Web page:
If the ultimate goal is to limit the cost to insurance companies and the doctors responsible, then using this panel approach would greatly benefit not just the doctor accused of malpractice, but doctors in general. The bill’s supporters believe that by limiting the payout in medical malpractice cases, the medical malpractice insurance industry would be able to lower their premiums, saving medical professionals and facilities money, and that eventually those savings would be passed on to all patients. There is no evidence that this would happen. What seems more likely is that victims of malpractice would be denied their day in court and ultimately the compensation that they deserve for their injuries.

The proposed bill sounds good in theory because doctors should have a better understanding of medical terms and conditions than a jury might, and a clearer picture of how the patient would be affected by mistakes both in the short term and for the remainder of their lives. However, while they might be better equipped to determine if malpractice occurred, a lawsuit is not about medicine as much as it is about economics. How can a panel of doctors evaluate the economic implications of an injury better than a jury? They can’t. They can, however, evaluate the economic implications on their fellow doctor. This new legislation is about controlling how much a patient can receive from the offending doctor or healthcare facility in a medical malpractice case by letting the decision lie with those who would be adversely affected by a large settlement.

Some favor this panel approach because they believe that the legal profession takes advantage of malpractice victims by taking as much as 40% of the settlement awarded to cover their fees. Medical malpractice cases are very expensive to pursue, and usually they are taken on a contingency basis meaning that the attorney is not guaranteed payment. The compensation that is awarded in court reflects what the victim deserves as well as the risk that lawyers take by agreeing to represent these cases. Lawyers must spend thousands of their firm’s money up front to hire doctors and other experts to collect and analyze the evidence to prove that malpractice occurred, as well as additional experts to assess the long term effects and determine the compensation needed to counter them.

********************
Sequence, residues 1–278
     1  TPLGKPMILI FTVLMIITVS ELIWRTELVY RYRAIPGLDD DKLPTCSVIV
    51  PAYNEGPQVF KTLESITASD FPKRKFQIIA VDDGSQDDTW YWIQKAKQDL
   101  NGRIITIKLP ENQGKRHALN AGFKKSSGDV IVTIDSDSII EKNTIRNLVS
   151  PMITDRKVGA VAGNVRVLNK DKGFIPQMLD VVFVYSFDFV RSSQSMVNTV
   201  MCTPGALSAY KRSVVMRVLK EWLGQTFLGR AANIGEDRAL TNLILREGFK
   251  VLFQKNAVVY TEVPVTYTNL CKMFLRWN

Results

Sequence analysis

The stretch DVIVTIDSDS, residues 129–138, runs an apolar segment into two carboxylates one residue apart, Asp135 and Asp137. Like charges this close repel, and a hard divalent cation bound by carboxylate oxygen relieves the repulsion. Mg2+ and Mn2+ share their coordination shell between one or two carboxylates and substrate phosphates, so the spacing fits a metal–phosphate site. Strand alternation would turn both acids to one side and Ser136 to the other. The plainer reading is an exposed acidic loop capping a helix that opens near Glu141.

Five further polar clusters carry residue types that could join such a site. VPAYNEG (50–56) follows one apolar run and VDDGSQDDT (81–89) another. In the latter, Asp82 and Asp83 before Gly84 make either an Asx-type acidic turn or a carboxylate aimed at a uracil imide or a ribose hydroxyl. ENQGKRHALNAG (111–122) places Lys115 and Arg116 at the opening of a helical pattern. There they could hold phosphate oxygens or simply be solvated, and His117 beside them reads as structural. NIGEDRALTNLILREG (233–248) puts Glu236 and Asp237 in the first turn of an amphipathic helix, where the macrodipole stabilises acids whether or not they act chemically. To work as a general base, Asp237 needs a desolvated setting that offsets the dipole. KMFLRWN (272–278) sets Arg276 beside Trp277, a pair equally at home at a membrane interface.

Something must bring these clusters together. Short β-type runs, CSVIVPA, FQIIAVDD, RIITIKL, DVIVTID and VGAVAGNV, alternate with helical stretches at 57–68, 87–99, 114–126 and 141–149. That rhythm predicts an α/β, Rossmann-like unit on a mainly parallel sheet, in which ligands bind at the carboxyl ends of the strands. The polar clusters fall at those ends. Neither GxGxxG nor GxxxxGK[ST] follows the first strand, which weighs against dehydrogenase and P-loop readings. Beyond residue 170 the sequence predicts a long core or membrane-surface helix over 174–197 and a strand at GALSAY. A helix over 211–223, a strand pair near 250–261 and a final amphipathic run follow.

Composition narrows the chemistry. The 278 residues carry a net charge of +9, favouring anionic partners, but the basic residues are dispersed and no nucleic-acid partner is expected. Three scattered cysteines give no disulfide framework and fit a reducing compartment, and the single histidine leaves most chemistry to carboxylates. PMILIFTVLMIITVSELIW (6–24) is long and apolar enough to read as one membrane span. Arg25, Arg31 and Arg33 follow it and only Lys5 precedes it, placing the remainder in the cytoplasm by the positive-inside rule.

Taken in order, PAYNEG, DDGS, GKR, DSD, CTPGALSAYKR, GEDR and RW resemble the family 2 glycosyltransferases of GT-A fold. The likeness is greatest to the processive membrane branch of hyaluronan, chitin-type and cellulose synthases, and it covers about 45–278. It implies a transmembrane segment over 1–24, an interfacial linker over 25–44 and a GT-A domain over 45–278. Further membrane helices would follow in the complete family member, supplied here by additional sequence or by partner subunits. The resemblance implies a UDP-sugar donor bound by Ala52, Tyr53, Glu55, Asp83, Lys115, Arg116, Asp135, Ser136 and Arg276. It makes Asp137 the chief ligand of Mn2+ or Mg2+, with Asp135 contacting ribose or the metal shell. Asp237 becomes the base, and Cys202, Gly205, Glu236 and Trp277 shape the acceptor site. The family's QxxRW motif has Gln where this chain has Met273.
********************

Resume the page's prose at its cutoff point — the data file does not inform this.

Should the proposed panels be enacted to replace a jury, victims would most likely still require legal representation, but fewer lawyers would be willing to roll the dice, fewer lawsuits would be filed, fewer victims would receive their justified compensation, and fewer mistakes would be reviewed and rectified as a result.

If you or someone that you love has been a victim of medical malpractice, contact the Law Offices of Casey W. Stevens today for a free case evaluation: (770)408-6364

Read more about the proposed bill 481 here: http://jacksonville.com/news/georgia/2013-02-08/story/bill-would-take-medical-malpractice-out-courts-put-it-physicians-panel#ixzz2KbCc9M2U

Read more about the 2010 Georgia Supreme Court decision to overturn the 2005 Tort Reform here: http://www.ajc.com/news/news/local-govt-politics/state-high-court-overturns-states-tort-reform/nQdXd/